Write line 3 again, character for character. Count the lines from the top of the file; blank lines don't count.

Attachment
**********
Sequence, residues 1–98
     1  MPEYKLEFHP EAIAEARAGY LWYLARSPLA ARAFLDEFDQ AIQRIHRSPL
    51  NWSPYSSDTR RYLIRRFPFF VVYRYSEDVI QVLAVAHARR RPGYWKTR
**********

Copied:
    51  NWSPYSSDTR RYLIRRFPFF VVYRYSEDVI QVLAVAHARR RPGYWKTR